A single mom negotiates the shores of loneliness while her adolescent sons discover their sexual urges in Matthew Petock’s unpretentious debut, “A Little Closer.” Solidly made with a minuscule budget whose limitations are ably overcome, the pic is obviously made from the heart, covering well-worn themes with more honesty than originality, generating a deja-vu feel that rarely diminishes. Perhaps best seen as a sort of well-done thesis film which proves the young helmer’s capabilities, “A Little Closer” is likely to see more traffic over streaming sites than in cinemas, though smaller fests may offer a welcome.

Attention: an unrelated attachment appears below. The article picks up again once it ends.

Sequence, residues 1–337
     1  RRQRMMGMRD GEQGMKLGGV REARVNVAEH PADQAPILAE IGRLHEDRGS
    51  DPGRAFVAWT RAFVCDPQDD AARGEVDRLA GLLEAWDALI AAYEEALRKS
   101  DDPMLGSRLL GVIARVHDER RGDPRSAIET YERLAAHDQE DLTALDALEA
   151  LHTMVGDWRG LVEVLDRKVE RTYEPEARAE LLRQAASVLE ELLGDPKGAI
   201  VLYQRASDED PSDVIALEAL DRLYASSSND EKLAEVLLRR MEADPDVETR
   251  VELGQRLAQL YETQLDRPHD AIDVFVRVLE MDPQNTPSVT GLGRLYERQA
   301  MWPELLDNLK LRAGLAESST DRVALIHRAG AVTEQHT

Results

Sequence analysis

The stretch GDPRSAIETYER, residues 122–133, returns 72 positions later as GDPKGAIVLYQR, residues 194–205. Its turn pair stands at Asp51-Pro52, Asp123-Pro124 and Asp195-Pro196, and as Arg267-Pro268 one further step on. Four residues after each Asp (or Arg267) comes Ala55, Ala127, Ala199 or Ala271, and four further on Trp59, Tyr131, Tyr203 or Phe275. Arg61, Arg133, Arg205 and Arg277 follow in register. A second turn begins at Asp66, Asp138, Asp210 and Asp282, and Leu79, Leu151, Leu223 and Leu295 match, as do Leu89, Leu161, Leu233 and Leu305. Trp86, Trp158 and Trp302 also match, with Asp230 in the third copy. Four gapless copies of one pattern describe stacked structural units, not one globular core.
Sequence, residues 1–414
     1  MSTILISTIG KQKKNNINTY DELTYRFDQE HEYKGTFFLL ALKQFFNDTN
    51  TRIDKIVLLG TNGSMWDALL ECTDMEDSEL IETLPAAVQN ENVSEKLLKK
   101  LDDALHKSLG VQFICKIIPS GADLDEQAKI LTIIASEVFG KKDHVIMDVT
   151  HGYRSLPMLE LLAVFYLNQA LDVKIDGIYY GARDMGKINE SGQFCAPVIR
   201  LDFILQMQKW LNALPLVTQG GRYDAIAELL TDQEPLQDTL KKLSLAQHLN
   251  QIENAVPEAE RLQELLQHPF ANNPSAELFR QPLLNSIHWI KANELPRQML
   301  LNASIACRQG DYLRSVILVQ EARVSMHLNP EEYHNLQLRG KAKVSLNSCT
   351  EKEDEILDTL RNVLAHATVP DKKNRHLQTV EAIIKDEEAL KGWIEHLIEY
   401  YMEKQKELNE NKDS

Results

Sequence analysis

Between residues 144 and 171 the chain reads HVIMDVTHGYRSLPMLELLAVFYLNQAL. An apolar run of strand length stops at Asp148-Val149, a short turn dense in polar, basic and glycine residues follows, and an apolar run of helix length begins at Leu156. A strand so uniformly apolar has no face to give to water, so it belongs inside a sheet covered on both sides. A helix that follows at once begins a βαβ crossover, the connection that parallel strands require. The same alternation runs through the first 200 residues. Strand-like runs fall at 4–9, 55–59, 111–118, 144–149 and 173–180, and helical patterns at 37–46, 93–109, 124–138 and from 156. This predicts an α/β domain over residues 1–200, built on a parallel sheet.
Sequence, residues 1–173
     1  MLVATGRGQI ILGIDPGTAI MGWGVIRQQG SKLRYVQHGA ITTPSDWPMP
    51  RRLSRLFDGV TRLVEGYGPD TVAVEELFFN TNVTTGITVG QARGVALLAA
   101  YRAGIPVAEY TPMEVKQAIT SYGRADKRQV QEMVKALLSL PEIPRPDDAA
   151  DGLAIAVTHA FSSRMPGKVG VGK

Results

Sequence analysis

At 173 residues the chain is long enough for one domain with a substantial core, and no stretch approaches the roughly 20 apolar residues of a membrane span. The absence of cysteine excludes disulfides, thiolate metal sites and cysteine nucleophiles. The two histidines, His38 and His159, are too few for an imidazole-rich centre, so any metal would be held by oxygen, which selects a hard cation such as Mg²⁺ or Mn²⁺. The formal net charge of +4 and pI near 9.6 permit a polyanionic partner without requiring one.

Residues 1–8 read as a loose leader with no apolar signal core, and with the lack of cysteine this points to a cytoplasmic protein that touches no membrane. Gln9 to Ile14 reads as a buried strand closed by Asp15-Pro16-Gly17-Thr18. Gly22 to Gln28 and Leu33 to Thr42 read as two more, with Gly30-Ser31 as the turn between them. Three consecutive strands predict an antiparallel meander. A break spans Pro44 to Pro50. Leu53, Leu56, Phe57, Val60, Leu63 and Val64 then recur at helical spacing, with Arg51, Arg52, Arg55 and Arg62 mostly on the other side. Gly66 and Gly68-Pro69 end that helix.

Older son Marc (Parker Lutz), 15, works a summer job at a car lot where an older colleague gives him tips on how to get a girl into bed. Meanwhile, 11-year-old brother Stephen (Eric Baskerville) is at summer school, since Sayra can’t afford any other option to keep him busy. Both boys are coping with chaos-inducing hormones: Marc gets a g.f. (Catherine Andre) who he pressures into “proving she loves him,” and Stephen has a crush on teacher Ms. Moss (Stephanie Parrott). Petock and his flawless cast get everything right: Sheryl’s nervous ticks while hoping for a decent-looking guy to ask her to dance, her exhaustion from bearing so much responsibility alone, and her frazzled but loving rapport with her kids. The boys are age-appropriate, with Marc completely in thrall to his testosterone while younger Stephen is on the cusp between innocence and knowledge. Dialogue is real, situations are believable, and the pic nicely captures the circumscribed options available to nontraditional families in this kind of community. A few scenes are memorable, foremost a series of extended closeups of Sayra dancing with a guy (Chris Kies) she meets at the mixer. The tight shots and Player’s complex emotions, all stemming from the overwhelming sensation of being held close, baldly convey her loneliness and need for physical contact. Despite other nice moments, there’s just not enough here to make the pic stand out from other sincere slice-of-life indie productions. Modesty is no fault, yet in a crowded market, viewers are likely to demand more than a mirror of reality. Visuals are sharp, benefiting from confident handheld lensing by Daniel Patrick Carbone and a proper appreciation for natural light. Editing, too, also by Petock, is sure-handed, nicely overlaying conversations onto silent montages.